• Split tooth – a crack in the tooth that extends beyond the gum line – depending on the severity of the crack your dentist may need to extract the entire tooth
  • Root fracture – these cracks start below the gum line and travel upwards – if not treated the tooth may become infected and it may need to be removed.

What are the Causes of Damaged Teeth Claims?

Dental Negligence

All dentists are obliged to practice dentistry to the highest of medical standards. Dental negligence claims* arise when a person suffers an injury as a result of dental treatment or their appearance has been affected as a result of dental malpractice*.This can leave the injured person with either temporary or permanent damage to their teeth. If it is found that a dentist has acted in a negligent manner and breached their duty of care then they may be found liable for any damage or injuries which have been caused. It is important to note that dental negligence can also occur during cosmetic dentistry procedures.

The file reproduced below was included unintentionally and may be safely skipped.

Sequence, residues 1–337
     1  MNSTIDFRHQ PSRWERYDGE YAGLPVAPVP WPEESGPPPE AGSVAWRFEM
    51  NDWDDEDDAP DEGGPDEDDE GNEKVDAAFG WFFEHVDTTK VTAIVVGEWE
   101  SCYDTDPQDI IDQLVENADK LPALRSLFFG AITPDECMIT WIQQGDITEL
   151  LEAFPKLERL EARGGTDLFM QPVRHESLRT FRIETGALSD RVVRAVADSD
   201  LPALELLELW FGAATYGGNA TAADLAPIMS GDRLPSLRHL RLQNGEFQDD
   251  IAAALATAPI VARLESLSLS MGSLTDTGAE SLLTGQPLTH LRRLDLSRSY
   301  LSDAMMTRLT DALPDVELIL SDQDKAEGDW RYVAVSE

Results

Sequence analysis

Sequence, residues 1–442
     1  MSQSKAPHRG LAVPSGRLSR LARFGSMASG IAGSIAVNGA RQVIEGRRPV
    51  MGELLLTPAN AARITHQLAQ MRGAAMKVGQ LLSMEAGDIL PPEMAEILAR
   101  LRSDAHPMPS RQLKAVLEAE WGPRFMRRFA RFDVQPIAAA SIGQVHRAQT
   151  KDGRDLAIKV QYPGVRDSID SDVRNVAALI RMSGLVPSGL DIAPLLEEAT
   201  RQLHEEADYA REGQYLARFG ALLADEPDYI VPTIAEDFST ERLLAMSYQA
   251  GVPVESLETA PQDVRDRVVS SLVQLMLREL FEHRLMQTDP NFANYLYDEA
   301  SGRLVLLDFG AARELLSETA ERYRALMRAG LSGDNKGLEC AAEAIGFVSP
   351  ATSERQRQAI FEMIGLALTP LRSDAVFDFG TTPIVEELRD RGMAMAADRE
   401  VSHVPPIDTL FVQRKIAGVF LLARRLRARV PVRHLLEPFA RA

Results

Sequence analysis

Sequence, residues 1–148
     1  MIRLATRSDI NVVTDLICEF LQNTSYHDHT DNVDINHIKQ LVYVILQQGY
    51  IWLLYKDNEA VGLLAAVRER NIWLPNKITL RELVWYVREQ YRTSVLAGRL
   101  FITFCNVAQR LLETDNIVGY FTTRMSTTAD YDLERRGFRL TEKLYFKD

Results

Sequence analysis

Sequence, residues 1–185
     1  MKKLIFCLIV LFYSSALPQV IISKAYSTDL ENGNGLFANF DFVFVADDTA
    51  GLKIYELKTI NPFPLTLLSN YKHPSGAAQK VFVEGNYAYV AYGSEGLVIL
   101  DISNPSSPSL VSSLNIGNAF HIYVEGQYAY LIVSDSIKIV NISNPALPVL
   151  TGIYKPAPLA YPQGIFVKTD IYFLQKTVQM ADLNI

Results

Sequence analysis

Malpractice cases include:

  • Misdiagnosis of medical conditions, such as gum disease or oral cancer
  • Delayed diagnosis of medical conditions, such as gum disease or oral cancer
  • Incorrect tooth extraction
  • Injury as a result of poor standard of dental work
  • Performance of unnecessary dental procedures
  • Severed nerve claim
  • Poor standards of hygiene leading to infection
  • Fractured Mandible claim

Road Traffic Accidents*

Dental injury occurring in a road traffic accident can either be direct or indirect injuries. Direct dental injuries occur when the mouth is stuck by some object during the accident causing the tooth to fall out or crack. Indirect dental injuries occur when the force of the car accident causes the mouth to shut abruptly which leads damage to the teeth.

The accidents occur, and claims are made when the accident is caused by a negligent third party. For example, where another person has broken the rules of the road. It is important to note that these claims can be made by drivers, passengers and pedestrians. As a passenger you are also entitled to make a claim against the driver of the car in which you were travelling. There is a universal expectation that all road users will follow the rules of the road so when this is not done the chances of injuries being sustained becomes higher.

Causes of Tooth Damage

Accident at Work